Shooting wide angle long exposures of the sky is always fun, because you never quite know what you will get. On an August night I decided to take a few 20 seconds exposures of the constellation Perseus hoping to catch a few open clusters. However got surprised by the faint glow of Messier 33 (Triangulum Galaxy) in the photos. This is the furthest object that can be observed to the naked eye, located 2.7 million light years away, and part of the Local Group which includes Andromeda and our Milky Way.
Constellations Perseus and Triangulum (Benoit Guertin) – CLICK FOR FULL SCREEN
4 x 20 seconds
August 30, 2019
Most people don’t plan to take photos of the Moon, they just happen. You are outside doing something else and then you spot it over the horizon or high in the sky: “Hey that’s a pretty Moon tonight Maybe I should take a photo!”
I find that normal camera lens, even telephoto don’t do it justice. The setting and focus can be very tricky. The multi-lens setup of telephoto can also cause internal reflections or chromatic aberrations making the resulting photo less appealing.
So just grab the telescope tube and leave the tripod behind. If you have a small APO refractor you can simply hold the tube, but for anything heavier you’ll need to prop yourself up on something like a railing or a car roof.
The photo below is a single shot at 1/250sec and ISO400 with Canon 80D and William Optics Gran Turismo 71 held on the end of my arms.
80% Illuminated Moon on August 31, 2018 [Benoit Guertin]
The setup takes only a few minutes and the results are always worth it.
Campgrounds are offer good occasions to observe the night sky; away from the city lights or industrial parks. And with little more than a camera on a tripod, some fantastic pictures can be taken.
But there are two drawbacks:
1) Campers make campfires that create a haze near the ground.
2) Trailers and vehicles often have lights on that ruin the show.
Mars (left) and the Milky Way – Benoit Guertin
A few weeks ago after taking some photos of Jupiter, I changed my setup to do some long exposures on an easy target: a globular cluster. Unfortunately I forgot to note down the name of what I had photographed! So a few weeks later when I found the time to process the images I was at a loss to identify what Messier object it was. However, after an evening of matching up stars surrounding the cluster and I was able to correctly identify it as Messier 3.
Globular Cluster – Messier 3 (Benoit Guertin)
The above was taken with my Skywatcher 80ED and Canon 80D. It is a stack of 27 x 10sec exposures at ISO3200 on an unguided and roughly aligned mount.
Looking at my archives I found that I had imaged M3 about 10 years ago with the same telescope, so I decided to align both old and new image and see if anything would stand out. And to my surprise, spotted one star that appeared to have shifted. To help identify the star I colorized one of the photos and subtracted from the other (done in GIMP). All the stars within the field of view lined up except this one; the two colored spots are not aligned!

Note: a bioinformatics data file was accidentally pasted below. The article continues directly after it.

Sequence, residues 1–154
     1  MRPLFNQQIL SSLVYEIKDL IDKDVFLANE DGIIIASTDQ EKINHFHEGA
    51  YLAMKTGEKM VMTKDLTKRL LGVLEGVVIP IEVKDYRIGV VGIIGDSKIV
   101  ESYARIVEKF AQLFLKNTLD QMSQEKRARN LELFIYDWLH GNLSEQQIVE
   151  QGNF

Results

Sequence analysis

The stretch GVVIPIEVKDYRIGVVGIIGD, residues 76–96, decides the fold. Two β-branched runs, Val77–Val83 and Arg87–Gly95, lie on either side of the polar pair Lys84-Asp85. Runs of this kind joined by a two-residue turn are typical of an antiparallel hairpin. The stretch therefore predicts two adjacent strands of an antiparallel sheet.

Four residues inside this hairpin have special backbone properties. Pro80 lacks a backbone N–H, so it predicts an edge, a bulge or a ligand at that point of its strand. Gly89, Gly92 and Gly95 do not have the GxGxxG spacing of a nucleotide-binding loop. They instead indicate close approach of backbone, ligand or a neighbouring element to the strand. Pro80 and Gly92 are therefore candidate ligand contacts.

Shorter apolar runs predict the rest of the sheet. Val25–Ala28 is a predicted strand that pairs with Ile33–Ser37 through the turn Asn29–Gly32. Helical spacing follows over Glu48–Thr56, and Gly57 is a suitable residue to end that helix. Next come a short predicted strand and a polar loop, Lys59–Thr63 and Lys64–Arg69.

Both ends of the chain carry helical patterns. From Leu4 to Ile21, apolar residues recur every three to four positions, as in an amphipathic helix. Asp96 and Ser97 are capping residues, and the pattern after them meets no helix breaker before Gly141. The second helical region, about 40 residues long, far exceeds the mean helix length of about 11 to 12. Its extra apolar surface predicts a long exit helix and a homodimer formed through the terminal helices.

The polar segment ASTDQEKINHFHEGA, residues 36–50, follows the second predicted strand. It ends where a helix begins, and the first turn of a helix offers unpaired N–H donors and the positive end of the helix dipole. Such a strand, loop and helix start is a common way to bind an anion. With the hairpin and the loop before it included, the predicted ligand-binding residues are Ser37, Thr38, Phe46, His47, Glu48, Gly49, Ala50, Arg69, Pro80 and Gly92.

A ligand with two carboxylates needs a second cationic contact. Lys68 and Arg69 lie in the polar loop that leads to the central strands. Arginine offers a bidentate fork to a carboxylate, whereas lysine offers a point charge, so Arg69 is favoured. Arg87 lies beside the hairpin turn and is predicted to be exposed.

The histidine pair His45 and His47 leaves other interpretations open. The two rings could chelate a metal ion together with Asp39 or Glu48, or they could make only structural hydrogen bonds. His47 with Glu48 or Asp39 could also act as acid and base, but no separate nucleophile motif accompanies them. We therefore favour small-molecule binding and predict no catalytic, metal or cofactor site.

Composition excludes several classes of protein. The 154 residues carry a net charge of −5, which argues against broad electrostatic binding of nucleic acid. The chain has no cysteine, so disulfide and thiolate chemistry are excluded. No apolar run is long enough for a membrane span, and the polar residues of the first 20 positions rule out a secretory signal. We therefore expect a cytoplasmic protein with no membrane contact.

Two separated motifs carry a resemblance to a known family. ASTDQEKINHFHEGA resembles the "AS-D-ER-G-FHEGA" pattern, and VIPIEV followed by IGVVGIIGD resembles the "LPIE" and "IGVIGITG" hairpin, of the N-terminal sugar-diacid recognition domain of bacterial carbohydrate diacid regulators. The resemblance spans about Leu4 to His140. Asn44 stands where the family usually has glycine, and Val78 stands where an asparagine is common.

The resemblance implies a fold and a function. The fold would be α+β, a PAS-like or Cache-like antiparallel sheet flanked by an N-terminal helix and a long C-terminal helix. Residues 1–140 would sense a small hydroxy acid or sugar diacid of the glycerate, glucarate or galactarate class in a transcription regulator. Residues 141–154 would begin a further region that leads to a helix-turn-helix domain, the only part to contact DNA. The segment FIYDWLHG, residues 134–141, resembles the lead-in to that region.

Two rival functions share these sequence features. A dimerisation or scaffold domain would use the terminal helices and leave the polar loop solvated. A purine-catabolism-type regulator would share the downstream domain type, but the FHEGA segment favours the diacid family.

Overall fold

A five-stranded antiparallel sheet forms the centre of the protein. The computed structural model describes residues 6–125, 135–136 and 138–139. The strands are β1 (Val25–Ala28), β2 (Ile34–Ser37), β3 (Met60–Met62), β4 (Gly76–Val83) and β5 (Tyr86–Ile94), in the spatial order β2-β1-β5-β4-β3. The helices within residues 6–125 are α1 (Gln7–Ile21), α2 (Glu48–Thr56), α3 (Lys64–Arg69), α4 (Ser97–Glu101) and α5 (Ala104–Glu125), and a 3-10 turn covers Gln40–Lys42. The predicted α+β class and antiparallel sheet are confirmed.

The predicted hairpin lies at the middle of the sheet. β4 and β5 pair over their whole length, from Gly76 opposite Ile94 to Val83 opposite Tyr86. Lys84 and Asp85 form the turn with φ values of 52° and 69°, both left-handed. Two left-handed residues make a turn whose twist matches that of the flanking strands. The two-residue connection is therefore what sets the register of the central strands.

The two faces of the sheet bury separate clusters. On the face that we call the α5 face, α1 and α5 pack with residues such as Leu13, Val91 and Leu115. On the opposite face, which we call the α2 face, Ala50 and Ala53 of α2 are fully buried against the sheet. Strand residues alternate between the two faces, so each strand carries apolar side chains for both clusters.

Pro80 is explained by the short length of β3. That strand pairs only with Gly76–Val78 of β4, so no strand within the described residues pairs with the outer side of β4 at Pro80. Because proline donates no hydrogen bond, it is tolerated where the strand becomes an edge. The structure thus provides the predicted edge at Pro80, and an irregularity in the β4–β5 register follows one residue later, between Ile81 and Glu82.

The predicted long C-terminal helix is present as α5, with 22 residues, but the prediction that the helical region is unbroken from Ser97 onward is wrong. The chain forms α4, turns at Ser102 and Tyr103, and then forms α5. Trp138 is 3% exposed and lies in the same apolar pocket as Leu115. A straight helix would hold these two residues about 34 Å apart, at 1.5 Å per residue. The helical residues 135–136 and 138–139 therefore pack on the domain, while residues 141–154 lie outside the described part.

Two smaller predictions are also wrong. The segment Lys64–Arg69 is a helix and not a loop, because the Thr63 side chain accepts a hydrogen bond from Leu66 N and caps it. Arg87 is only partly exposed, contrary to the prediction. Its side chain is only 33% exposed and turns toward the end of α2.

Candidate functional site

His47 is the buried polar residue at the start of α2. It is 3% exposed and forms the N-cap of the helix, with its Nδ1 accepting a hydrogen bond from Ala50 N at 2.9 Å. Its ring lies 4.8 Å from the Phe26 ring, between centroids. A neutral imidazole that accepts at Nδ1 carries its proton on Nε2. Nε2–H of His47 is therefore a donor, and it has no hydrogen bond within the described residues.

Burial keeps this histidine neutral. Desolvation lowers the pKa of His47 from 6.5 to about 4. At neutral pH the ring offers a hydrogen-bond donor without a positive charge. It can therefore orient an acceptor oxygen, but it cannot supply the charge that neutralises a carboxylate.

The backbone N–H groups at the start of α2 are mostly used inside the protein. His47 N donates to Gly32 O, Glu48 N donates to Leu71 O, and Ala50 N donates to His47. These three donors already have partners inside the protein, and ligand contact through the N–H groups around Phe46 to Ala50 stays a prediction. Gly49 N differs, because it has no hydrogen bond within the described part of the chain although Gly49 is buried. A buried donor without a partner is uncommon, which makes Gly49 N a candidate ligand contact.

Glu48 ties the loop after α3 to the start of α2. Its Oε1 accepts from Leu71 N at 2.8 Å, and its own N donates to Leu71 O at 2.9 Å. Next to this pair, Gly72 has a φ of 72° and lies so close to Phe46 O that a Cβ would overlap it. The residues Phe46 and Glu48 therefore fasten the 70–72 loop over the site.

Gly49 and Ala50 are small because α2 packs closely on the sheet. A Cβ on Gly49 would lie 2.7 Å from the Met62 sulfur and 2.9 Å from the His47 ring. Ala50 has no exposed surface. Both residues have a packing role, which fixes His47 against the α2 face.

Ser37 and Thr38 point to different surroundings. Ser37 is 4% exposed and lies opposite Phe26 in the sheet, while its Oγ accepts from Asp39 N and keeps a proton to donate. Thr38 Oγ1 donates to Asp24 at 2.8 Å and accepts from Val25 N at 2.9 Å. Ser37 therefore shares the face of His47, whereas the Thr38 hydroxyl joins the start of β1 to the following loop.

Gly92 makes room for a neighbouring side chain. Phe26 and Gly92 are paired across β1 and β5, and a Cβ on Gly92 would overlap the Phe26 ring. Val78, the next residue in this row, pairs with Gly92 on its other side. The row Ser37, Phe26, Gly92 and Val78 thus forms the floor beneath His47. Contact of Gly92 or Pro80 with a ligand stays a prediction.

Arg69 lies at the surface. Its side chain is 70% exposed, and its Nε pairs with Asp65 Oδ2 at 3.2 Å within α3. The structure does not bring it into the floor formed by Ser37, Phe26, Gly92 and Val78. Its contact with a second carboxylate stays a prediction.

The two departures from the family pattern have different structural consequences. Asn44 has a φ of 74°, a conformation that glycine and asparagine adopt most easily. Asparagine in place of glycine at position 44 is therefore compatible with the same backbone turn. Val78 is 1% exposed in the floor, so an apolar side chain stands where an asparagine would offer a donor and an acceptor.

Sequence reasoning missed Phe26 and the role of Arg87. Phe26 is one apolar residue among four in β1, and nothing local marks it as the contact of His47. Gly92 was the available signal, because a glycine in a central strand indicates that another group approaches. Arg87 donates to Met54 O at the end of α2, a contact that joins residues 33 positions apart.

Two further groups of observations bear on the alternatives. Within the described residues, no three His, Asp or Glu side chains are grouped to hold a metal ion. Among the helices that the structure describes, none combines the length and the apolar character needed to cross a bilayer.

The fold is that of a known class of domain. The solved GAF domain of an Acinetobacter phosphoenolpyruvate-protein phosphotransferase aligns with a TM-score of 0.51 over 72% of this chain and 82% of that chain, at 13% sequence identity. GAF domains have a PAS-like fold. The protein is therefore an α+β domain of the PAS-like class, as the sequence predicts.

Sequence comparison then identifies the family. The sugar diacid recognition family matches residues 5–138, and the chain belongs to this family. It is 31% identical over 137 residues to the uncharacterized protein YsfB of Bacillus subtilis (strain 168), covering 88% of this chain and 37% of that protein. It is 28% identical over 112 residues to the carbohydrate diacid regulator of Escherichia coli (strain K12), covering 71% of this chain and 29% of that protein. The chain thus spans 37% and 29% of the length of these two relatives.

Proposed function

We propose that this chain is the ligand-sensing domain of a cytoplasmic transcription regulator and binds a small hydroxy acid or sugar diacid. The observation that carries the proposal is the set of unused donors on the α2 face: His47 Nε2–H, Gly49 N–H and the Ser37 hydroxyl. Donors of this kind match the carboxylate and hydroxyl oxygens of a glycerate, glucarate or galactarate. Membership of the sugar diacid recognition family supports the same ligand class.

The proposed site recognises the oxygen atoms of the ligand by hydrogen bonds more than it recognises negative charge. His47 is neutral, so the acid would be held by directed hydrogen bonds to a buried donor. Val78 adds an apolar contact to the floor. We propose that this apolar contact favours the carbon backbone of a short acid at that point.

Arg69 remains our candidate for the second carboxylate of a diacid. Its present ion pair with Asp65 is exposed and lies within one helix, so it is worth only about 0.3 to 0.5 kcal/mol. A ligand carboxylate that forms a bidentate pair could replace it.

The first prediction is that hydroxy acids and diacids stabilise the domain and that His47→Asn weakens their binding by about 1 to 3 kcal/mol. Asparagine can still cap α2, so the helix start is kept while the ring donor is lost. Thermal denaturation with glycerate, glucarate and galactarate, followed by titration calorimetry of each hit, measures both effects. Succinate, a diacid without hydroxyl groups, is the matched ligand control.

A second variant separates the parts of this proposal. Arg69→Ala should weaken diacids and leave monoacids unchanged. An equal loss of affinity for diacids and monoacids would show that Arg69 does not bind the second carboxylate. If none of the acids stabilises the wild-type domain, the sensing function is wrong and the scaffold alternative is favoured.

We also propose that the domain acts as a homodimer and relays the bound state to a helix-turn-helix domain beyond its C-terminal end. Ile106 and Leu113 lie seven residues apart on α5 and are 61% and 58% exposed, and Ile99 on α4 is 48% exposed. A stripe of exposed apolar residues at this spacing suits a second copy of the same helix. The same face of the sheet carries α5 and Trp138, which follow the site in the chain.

High PM Star BD+29 34256
To be sure this wasn’t on an error on my part I did a bit of research and found it to be a know high proper-motion star BD+29 34256.
It’s not everyday someone with amateur backyard astronomy gear can show how a star has moved in 10 years.
The last time Jupiter was in a favorable position for good photos was 2010, so while I have photographed the planet a few times since, the results weren’t really satisfactory. So on July 7th, finally took the equipment out and set my mind to image some planets (Venus was also in a good position).
As luck would have it, the Great Red Spot was pointing our way, and landed my best shot of it yet. We may be past the May 2018 sweet spot for opposition, but that doesn’t mean you should not attempt to observer or photograph the Jupiter. Still plenty of good days ahead.
Jupiter with moons Europa (left) and Io (right)
I took about 11 video sequences of the planet, and sure enough the last one yielded the best result. I guess as the evening progressed, the air cooled and provided for better viewing.
Televue 3X barlow
Vesta Webcam with IR/UV filter
Processing with Registax and GIMP.
Last Saturday evening, if you happened to look outside and had a clear view there is no way you could miss the Venus-Moon close encounter in the dark blue sky. But just in case it was cloudy, or you weren’t paying attention here it is.
Moon and Venus within 8 degrees on June 16, 2018
For those curious on the camera setting, the above is cropped from a single frame at 33mm f/4.5 1/30sec and ISO800 with Canon 80D.
Moving up to 85mm gives you the image below, also at 1/30sec and ISO800. Both images were hand-held from a bedroom window. Could a tripod have helped? Sure, but I figured I could do just fine , especially with image stabilization enabled on the lens.
Moon and Venus within 8 degrees on June 16, 2018
To put a bit of perspective on the distance of these two heavenly bodies and their apparent size in the sky I’ve added a bit of information on the above image. While Venus may be nearly 4 times larger in diameter, it looks quite small next to the Moon in the sky.
After yesterday’s photo with the smart phone, I decided to go for a more professional shot and grabbed the Canon 80D and capture once again the Moon and Jupiter through the clouds. However this time around took two exposures, and stitched the together.
Moon and Jupiter Through the Cloud – May 27, 2018
The wide-angle was 24mm F4.0 1/10s ISO-1600. This was to pick up the clouds against a night sky as well as Jupiter. Then a close-up of the Moon, with a shorter exposure and lowered ISO to pick up details of the lunar surface (85mm F5.6 1/250s ISO-200).
Opened them both in GIMP and played with layers, masks and curves to get the desired image. The close-up Moon photo was scaled down to match the 24mm wide-angle photo to avoid having gigantic moon.